Recent increases in concentrations of dissolved organic carbon (DOC) in lakes and rivers over large regionshave been related to both changes in the climate and in atmospheric deposition chemistry. Using a data set of1041 boreal lakes along a 13u latitudinal gradient, sampled in 1995, 2000, and 2005, and an additional data set of90 lakes along a 1000-m altitudinal gradient at 68uN, we show that DOC concentrations increase in a nonlinearway along a latitudinal and altitudinal temperature gradient. The nonlinear relation of DOC to increasingtemperatures was consistent over space and time. Out of 14 meteorological, catchment, morphometric, andatmospheric deposition variables tested, the variable best explaining this kind of nonlinear pattern was thenumber of days when air temperatures exceeded 0uC, i.e., the duration of the main growing and runoff season(DT.0). Using DT.0 as an input variable, we were able to predict the nonlinear temperature response of DOCconcentrations, both spatially (R2 5 0.90, p , 0.0001) and temporally (R2 5 0.90, p , 0.0001). DT.0 has anadvantage over other variables because it includes the time factor, which is decisive for the duration thatbiogeochemical processes can take place. We suggest that DOC concentrations in lakes are influenced by climatechange and that present temperature increases over Sweden result in an accelerated DOC increase toward warmergeographical regions.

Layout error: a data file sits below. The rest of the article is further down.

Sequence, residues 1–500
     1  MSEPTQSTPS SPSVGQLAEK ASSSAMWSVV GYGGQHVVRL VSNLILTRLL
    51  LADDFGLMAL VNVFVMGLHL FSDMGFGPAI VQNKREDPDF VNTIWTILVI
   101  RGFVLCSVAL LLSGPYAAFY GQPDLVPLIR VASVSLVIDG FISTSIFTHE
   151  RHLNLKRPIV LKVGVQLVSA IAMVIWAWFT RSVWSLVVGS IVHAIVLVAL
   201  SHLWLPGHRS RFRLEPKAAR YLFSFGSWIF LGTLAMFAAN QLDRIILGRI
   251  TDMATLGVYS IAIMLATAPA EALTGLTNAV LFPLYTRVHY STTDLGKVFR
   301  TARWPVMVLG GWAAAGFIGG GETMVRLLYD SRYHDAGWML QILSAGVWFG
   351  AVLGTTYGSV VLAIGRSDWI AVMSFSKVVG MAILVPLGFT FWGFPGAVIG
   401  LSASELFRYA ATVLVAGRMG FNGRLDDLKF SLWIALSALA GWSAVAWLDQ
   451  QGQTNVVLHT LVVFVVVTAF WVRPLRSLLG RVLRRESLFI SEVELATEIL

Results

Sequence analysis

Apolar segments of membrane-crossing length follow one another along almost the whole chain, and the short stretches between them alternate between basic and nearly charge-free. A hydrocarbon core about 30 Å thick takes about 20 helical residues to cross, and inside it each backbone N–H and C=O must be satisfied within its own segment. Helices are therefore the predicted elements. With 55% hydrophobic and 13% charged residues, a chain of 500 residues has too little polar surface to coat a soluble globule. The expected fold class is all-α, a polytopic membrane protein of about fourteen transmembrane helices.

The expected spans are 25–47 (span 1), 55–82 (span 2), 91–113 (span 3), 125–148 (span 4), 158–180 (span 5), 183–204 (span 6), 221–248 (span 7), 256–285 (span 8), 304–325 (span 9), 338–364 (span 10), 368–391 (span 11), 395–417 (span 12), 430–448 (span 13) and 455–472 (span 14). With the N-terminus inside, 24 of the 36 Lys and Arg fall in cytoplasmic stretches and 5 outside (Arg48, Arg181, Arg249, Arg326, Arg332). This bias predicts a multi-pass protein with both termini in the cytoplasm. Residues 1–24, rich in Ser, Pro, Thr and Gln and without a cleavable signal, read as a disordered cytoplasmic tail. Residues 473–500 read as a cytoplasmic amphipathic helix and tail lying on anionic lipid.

2009. Vol. 54, no 6 part 2, 2513-2519 p.